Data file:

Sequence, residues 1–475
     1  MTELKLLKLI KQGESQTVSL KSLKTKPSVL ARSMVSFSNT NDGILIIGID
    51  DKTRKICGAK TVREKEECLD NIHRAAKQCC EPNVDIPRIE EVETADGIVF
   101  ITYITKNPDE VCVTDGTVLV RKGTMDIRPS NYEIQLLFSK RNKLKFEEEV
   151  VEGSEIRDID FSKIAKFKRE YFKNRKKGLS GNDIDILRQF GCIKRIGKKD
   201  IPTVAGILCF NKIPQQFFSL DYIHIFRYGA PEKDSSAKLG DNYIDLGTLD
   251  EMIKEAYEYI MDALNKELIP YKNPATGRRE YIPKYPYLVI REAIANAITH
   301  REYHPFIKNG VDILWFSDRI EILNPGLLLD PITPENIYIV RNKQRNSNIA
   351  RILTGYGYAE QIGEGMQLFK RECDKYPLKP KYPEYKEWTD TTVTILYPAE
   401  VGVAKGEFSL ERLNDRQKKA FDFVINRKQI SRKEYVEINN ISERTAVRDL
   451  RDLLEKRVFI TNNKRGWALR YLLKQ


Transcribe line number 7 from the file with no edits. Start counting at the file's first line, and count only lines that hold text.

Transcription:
   251  EMIKEAYEYI MDALNKELIP YKNPATGRRE YIPKYPYLVI REAIANAITH